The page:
CFO perceptions of external financial and economic uncertainty have seen the sharpest rise in five years, said Deloitte.
It explained that moves in financial markets and risk appetite among CFOs are closely correlated: “Both react to similar factors and financial markets directly influence corporates, for instance through the availability and pricing of capital. Equities sold off in the third quarter, with emerging markets seeing the largest outflow of capital since the financial crisis. With UK equities down 18 per cent in the last three months there has been a parallel loss of risk appetite among UK firms.”
Furthermore, the third quarter saw a rise in investor risk aversion as they moved away from riskier assets and into safer government bonds. This has also fed through to a fall in risk appetite among CFOs.
The proportion of CFOs who think now is a good time to take risk has dropped to 46 per cent, down from 59 per cent in the second quarter and 72 per cent in 2014.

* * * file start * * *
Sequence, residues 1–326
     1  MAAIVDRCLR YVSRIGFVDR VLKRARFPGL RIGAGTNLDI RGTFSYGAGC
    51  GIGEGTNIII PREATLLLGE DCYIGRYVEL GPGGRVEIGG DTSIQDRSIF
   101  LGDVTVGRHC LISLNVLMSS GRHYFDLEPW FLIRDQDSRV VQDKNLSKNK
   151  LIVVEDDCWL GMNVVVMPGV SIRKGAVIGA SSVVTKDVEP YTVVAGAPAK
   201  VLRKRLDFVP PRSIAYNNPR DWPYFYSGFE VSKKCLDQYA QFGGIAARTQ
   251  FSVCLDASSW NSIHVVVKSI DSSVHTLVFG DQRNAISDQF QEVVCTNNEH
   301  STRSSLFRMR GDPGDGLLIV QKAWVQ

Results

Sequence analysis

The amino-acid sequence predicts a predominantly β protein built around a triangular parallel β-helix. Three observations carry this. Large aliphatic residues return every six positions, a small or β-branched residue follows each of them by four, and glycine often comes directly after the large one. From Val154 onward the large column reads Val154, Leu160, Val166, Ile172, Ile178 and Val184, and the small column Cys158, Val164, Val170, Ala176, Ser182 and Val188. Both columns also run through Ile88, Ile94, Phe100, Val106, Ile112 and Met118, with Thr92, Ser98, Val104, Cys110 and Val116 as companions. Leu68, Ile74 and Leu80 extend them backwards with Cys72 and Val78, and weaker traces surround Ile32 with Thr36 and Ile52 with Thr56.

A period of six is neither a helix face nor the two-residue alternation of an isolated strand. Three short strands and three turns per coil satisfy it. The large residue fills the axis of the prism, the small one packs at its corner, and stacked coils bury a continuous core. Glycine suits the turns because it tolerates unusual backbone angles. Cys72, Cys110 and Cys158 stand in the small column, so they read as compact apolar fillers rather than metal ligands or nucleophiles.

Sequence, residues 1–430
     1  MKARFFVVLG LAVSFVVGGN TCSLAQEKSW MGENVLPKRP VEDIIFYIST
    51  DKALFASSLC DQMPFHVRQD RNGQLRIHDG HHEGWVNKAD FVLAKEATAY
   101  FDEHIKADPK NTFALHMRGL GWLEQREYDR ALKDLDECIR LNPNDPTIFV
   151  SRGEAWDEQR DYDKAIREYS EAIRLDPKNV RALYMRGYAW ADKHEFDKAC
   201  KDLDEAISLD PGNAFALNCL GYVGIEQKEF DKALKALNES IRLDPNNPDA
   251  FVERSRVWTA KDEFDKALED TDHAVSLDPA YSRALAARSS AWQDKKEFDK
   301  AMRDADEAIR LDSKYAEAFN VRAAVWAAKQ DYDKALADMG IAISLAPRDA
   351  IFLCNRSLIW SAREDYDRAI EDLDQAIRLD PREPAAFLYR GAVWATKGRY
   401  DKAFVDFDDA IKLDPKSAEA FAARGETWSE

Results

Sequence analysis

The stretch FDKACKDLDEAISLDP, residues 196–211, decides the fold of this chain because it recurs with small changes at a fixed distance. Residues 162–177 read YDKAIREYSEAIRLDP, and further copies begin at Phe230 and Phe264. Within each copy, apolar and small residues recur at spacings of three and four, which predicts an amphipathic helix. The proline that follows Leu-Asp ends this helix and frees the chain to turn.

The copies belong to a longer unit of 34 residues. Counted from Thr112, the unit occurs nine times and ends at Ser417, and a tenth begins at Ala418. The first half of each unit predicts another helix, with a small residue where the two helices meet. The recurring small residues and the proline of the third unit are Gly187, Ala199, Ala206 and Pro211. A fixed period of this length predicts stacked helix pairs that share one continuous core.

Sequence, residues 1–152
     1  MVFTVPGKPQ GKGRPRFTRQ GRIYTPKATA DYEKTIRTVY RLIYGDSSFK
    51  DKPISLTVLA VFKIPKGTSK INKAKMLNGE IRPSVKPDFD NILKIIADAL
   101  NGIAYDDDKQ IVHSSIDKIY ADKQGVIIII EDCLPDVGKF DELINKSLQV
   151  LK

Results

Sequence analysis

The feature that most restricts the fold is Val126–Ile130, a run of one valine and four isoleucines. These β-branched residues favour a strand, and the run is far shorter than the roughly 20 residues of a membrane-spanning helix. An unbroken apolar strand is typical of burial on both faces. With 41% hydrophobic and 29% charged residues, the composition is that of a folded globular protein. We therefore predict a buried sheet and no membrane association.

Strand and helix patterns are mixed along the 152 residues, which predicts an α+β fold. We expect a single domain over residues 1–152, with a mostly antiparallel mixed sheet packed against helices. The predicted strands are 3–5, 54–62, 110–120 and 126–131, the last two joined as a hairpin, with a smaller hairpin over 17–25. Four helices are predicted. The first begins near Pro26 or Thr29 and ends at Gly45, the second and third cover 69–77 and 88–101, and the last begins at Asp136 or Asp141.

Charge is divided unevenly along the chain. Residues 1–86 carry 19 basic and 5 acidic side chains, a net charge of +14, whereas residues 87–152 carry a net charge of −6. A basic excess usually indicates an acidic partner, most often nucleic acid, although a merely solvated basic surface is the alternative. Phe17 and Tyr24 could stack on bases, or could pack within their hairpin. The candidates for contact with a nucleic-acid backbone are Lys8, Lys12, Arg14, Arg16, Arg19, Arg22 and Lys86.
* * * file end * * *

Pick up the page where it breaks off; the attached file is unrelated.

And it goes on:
An uptick in risk aversion is feeding into a more defensive stance on the part of major corporates, with a greater focus on cost reduction and rather less on investment. Levels of optimism among CFOs have also decreased with 29 per cent now less upbeat about their company’s financial prospects than they were three months ago.
Read more about business risk:
- 10 tips on risk management and cost control for growing businesses
- The top 5 global business risks
- How much risk can you take?
CFOs see the prospect of tighter monetary policy in the UK and the US as the greatest risk facing their businesses.
The slowdown in emerging markets now ranks joint second, together with concerns about euro area growth, on CFOs’ list of worries. Against a backdrop of falling business confidence, the recent moves by the Bank of England and the US Federal Reserve to signal that interest rates are likely to stay lower for longer look well judged.
CFOs may rate uncertainty and emerging market weakness as constraints on investment, but they see the state of the UK economy as being a significant support for investment.
“The UK’s recovery from the recession has been punctuated by a series of external shocks, of which weakness in emerging markets is the latest,” Deloitte said. “A strong pound and weaker demand in emerging markets dim prospects of an export-led recovery – and put greater weight on domestic demand to drive UK growth.
Share this story